Free Lossless Audio Codec, or FLAC for short, is an audio compression technique. It is a lossless compression type meaning that the compression takes place without data being discarded. FLAC is an open source codec. FLAC is a format that is recommended to those backing up a CD collection because the sound quality will remain high, whereas MP3 compression will result in a deterioration compared to the original.
A free codec developed for lossless compression of audio content that does not exclude information from the stream. It allows for listening to musical compositions with professional sound reproduction systems, as well as for track archiving. FLAC files are being played by portative audio players, supplied by the most of specialized programs, and are represented in huge variety of hardware implementations. They allow users to copy CD tracks without deterioration in sound quality.
Using FLAC to compress an audio file to approximately 50% of its original size. The main benefits of a FLAC file in addition to it being lossless is that it can be used for streaming, and decoding is fast, allowing for real time decoding to take place. A FLAC file also contains several data integrity checks in the header file. The metadata associated with the audio has been future proofed also to allow new fields to be defined without impacting existing decoders.
Since streaming is being coded with an increased speed, FLAC files are often less than half of the original track. However, this does not affect the track quality, and therefore the format is popular for online translations and real-time coding. FLAC can support samples with a static point within the range of 4-32 bit per sample and sampling frequency of 655.3 KHz. If new fields arrive, decoders are not being affected.
In order to change FLAC format, one may use Sound Forge or Adobe Audition. In addition to that, some smartphones can easily work with such files.
Josh Coalson, Xiph.Org Foundation
WAV (WAVE) files are audio files playable via multimedia playback software such as Windows Media Player and other software available for your operating system. These files contain any sounds such as sound effects, music or spoken words. WAV files are large in size and with the advent of MP3 and MP4 WAV files are becoming less popular and less common. They were created and developed by IBM and Microsoft but unlike MP3 and MP4 the WAV file format does not use a form of lossy compression so file sizes are therefore much bigger and now less popular.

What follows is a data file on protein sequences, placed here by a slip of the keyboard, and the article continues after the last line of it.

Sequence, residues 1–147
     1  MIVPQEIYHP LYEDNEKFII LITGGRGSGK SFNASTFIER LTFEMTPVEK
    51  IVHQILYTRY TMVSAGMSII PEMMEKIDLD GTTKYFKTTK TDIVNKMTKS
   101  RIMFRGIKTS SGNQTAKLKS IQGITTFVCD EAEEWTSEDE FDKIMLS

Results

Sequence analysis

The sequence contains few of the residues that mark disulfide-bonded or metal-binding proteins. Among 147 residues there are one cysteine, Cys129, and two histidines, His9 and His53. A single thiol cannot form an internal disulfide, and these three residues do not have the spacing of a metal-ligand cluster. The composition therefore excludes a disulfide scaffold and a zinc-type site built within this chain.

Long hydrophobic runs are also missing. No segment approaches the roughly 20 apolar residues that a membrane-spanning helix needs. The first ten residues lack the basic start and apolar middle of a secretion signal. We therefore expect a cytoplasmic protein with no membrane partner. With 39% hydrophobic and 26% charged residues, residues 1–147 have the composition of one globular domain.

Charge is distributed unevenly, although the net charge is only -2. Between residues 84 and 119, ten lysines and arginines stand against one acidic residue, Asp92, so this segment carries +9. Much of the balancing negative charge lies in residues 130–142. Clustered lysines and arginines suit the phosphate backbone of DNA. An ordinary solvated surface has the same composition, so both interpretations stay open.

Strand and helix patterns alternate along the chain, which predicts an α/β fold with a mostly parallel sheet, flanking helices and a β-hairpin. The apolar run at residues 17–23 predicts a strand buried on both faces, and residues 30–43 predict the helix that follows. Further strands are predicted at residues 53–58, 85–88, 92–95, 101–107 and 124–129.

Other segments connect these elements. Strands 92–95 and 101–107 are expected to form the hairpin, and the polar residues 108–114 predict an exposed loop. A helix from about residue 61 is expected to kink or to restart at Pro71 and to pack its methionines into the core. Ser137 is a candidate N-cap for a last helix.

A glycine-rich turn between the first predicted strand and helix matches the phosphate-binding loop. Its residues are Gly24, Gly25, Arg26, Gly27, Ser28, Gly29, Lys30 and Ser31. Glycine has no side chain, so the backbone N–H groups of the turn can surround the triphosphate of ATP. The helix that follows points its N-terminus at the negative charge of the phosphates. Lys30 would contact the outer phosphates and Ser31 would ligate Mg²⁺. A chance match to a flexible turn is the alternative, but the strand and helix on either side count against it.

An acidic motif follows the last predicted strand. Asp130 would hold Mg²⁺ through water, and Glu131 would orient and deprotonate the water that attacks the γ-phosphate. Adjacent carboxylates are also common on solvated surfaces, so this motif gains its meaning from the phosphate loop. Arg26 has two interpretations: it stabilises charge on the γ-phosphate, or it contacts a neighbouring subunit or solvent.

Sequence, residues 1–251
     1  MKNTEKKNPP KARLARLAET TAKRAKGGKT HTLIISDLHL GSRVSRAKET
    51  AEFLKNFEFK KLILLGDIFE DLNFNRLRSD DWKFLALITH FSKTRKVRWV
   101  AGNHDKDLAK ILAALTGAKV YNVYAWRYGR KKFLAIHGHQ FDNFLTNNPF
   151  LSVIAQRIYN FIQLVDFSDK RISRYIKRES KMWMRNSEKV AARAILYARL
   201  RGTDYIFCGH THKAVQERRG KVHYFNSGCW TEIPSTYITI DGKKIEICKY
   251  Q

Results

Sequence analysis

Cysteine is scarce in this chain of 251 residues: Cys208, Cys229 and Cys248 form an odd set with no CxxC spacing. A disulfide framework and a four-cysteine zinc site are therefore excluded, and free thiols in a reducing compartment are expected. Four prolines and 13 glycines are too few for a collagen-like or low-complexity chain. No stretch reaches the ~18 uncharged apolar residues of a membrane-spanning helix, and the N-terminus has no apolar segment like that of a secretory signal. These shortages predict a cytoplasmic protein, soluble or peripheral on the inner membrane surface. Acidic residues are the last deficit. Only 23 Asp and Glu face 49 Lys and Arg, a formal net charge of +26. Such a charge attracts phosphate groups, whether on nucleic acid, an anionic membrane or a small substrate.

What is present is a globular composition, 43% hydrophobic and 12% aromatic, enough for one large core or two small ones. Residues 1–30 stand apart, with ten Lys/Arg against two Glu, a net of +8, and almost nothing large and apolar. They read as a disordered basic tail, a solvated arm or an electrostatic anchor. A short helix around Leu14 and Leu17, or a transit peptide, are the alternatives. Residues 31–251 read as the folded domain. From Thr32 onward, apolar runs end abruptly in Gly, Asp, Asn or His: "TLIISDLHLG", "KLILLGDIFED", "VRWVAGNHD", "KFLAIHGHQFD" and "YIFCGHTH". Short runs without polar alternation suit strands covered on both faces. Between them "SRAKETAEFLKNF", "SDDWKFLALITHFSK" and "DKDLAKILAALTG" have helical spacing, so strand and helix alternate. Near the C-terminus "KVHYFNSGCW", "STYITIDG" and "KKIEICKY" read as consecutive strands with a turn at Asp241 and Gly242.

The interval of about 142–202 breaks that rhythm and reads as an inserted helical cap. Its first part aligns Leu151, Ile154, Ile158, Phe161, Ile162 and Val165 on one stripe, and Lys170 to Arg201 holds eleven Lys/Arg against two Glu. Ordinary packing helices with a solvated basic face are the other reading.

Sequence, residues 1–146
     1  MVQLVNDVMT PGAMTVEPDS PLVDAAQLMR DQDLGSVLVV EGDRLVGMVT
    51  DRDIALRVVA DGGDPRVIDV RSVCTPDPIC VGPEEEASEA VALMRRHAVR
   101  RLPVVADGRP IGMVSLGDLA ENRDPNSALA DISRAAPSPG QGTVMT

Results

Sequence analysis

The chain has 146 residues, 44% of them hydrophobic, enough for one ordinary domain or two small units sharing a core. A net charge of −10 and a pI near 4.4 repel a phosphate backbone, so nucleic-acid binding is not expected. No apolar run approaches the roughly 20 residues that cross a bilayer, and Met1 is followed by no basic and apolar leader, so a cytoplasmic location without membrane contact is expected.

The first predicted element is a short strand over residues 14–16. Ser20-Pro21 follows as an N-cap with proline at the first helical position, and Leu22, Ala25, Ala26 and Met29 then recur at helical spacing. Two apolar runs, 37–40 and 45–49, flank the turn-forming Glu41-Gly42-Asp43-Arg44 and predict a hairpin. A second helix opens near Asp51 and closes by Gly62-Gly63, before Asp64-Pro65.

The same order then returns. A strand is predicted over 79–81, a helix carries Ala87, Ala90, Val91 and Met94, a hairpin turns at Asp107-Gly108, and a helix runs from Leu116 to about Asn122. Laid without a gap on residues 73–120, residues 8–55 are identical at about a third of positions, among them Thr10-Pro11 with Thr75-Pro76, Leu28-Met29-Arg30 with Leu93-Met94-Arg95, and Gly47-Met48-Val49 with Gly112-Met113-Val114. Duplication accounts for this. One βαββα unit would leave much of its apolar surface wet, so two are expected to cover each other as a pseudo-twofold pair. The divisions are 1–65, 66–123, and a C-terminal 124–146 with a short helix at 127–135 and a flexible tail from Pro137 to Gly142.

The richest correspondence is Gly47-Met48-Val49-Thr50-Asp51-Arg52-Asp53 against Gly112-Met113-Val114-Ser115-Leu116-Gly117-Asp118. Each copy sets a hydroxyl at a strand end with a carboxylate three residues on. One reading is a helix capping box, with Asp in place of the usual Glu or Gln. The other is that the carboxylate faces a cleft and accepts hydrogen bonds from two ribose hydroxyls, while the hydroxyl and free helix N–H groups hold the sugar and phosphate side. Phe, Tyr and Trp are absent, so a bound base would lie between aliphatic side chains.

WAV format is intended for operation with digitalized audio stream. It contains musical compositions, voice recordings, and various audio effects. Developed by programmers from Microsoft and IBM, it is a key format for placing of uncompressed sound files on Windows PCs. The files can be played back in QuickTime, Windows Media Player, Wav Player and some other programs. In addition to that, they can be processed in audio editing apps.
When a file is compressed into WAV, the data are not supposed to be lost, and the quality is excellent. However, the format did not have a huge market share, due to its larger size, as compared with MP3. It is required to have enough time and disc space to upload and send such files via the Internet. One of the major advantages of WAV is linked to the use of Linear Pulse Code Modulation (LPCM) for storage of audio stream. Consequently, a copy is just as good as an original, which is highly appraised by experts in music and professional users.
Wav files are the standard digital audio format in Windows. Using the .WAV file extension, 8- or 16-bit samples can be taken at rates of 11,025 Hz, 22,050 Hz and 44,100 Hz. The highest quality being th 16-bit at 44,100 HZ, this highest level is the sampling rate of an audio CD and uses 88KB of storage per second. All general sounds in Windows, such as when you log in, are in the .WAV format. The default content of a WAV file is uncompressed (although they can be used to store compressed formats such as MP3), pulse code modulated (PCM) digital samples derived from the analog source.
Sound files with this extension are recorded into 8 or 16 bit per sample. A standard option for CD Audio is an audio stream of 16 bit per sample and sampling frequency of 44.1 KHz. One second of sound corresponds to 88 Kb of internal memory. WAV files can store metadata in the INFO chunk, and they also include integrated IFF lists.
In some cases, the standard format may be used for broadcasting. For instance, BBC stereo data of 44 100 Hz and 16 bit are generally accepted within the VCS system.
Microsoft & IBM